The third article is entitled “Short North Food Hall Literally Just Googled ‘How to Keep Black People Out of Bars.'” The first line of this article states “[c]urious how Short North Food Hall came up with their racist dress code? Simple: They Googled it.” The rest of the article is a comparison between Short North Food Hall’s dress code and the results of the supposed Google search.
Under the reasonable reader test, the tone of all three articles indicates the statements are satirical, aimed at skewering the public news coverage of Short North Food Hall’s implementation of the dress code, the ensuing public backlash, and the subsequent apology from Corso and Corso Ventures. The reasonable reader would not interpret the articles as stating actual facts. Additionally, the articles appeared on a website that clearly and expressly states that the contents of the website are fictitious and not to be construed as true by the reader. The other articles on the website are similarly satirical in nature, providing further context that the contents should not be construed as fact. In light of both the tone of the articles and the express disclaimer on the website that the contents are parody or satire and not to be construed as stating actual fact, we agree with the trial court that the reasonable reader would understand the statements to be parody or satire.
Despite the satirical tone of the articles and the website more generally, as well as the express disclaimer on the website, appellants argue the statements should not be protected as parody because the accusation of racism is so patently offensive as to constitute defamation per se. A statement can be defamation “per se,” in which both damages and the requisite degree of fault are presumed, where the statement “‘tends to injure a person in his or her trade, profession, or occupation.'” As appellants note, “Ohio courts have determined that ‘being referred to as racist may, at times, constitute defamation per se.'”
However, what appellants ignore in their argument is that, in order to constitute defamation per se, the statement must first constitute defamation. As we have stated, a court must consider the totality of the circumstances and consider the statement in its context to determine whether the reasonable reader would understand it to be parody or satire and, thus, not defamation. Any references to racism here, whether expressly stated in the articles or implied through their contents, are still satire or parody when read in context. Appellants may find the statements to be offensive, but parody and satire are protected speech even where offensive so long as the reasonable reader understands the statements to be parody or satire.
Appellants advance several additional arguments as to why the statements should not be protected as parody, all of which are unpersuasive. First, appellants assert the website disclaimer should not provide protection to appellees because if a reader were to conduct an internet search for Corso and find the articles through an outside link, the reader may not see the website’s disclaimer. As we stated above, however, the disclaimer and the entire website provide the context in which the statements appear. Appellants cannot divorce the statements from their context. Moreover, the tone of the articles, themselves, indicate to the reasonable reader that the contents are satire and parody even when read without the disclaimer.
Appellants next assert the trial court erred in failing to consider that Corso is a private individual rather than a public figure. … [But t]he difference in a defamation claim brought by a private individual versus a public figure lies not in the nature of the allegedly defamatory statement but rather in the degree of fault required to prove the claim…. Concluding the statements were not defamatory because they were protected parody or satire, the trial court did not need to reach the question of whether appellees acted with the requisite degree of fault.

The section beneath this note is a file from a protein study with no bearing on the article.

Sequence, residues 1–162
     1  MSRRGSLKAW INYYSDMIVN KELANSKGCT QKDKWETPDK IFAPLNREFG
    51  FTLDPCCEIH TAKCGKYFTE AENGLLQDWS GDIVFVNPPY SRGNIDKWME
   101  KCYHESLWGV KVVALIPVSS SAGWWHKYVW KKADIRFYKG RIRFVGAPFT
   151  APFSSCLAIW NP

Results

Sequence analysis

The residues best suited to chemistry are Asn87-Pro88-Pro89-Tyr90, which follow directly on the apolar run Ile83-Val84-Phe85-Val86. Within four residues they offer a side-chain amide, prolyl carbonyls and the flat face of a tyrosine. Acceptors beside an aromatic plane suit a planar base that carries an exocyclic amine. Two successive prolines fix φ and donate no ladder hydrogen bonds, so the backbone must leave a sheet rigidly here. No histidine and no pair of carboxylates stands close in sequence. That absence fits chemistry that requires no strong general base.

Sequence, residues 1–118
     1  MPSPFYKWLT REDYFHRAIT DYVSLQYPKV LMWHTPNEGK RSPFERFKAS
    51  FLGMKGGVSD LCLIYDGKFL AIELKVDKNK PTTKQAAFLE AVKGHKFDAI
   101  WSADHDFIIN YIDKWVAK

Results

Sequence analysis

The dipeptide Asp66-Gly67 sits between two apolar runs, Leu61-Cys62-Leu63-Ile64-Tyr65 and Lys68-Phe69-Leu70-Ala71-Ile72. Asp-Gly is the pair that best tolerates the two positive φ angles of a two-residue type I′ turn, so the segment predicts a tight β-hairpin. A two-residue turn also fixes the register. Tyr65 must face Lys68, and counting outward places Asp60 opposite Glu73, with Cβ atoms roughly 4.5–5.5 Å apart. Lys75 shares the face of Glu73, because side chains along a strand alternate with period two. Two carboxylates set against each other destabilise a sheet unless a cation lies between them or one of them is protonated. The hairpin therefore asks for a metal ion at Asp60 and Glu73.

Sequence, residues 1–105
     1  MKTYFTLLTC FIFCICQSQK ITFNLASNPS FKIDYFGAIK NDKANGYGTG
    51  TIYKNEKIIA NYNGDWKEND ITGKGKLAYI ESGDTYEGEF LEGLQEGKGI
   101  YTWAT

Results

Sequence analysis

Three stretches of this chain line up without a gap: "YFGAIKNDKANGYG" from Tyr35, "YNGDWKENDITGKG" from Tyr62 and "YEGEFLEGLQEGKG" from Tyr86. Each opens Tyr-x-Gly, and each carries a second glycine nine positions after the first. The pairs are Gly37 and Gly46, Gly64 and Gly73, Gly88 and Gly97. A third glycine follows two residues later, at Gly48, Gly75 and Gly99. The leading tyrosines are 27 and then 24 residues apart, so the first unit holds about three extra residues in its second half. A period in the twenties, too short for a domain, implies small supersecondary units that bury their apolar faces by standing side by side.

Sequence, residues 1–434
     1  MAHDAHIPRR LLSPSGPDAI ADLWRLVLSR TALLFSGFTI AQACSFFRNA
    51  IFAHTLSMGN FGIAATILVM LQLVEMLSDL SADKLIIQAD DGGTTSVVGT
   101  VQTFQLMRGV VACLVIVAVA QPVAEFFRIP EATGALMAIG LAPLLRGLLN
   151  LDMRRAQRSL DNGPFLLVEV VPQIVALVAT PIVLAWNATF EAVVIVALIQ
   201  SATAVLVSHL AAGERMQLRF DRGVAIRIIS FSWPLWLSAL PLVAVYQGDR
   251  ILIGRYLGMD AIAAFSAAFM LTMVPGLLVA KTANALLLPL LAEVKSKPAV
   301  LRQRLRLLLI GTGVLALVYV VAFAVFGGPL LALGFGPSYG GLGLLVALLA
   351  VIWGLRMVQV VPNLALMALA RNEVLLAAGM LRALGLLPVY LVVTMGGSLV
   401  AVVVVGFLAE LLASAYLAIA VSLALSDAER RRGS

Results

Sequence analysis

Additionally, appellants argue the publications should not be protected as parody or satire because the publications wrongly suggest that appellants are the owners of Short North Food Hall and, thus, they dispute whether they were the creators of the dress code. As appellants note, Short North Food Hall is owned by an entity known as 1112 Short North LLC, not by Corso or Corso Ventures. However, we agree with the trial court that it is immaterial whether appellants actually own Short North Food Hall or were the entities responsible for creating the dress code. Parody and satire, by definition, do not contain assertions of fact.
We are mindful that appellants issued a public apology for the dress code at Short North Food Hall. Thus, whether appellants are the technical owners of Short North Food Hall does not impact the contextual reading of the publications here or impede the reasonable reader’s ability to discern the publications are satire.
Finally, we disagree with appellants that granting summary judgment in this case will create a loophole in defamation law extending an absolute privilege to any person who makes a defamatory statement so long as the person claims the statement was satire or parody. Again, we emphasize that where a statement, under the totality of the circumstances and read in its context rather than isolation, could only be understood as parody or satire by the reasonable reader, the statement does not constitute defamation. Adding a disclaimer that the statement is satire or parody may help provide the particular context, but it does not end the inquiry as to whether the statement is parody or whether it is defamatory…. In the instant matter, considering the totality of the circumstances and the context in which the statements appear, we agree with the trial court that the publications are protected speech and cannot be labeled as defamatory.
Congratulations to Kevin Shook, Zackary Stillings, and J. Maxwell Williams, who represented the defendant.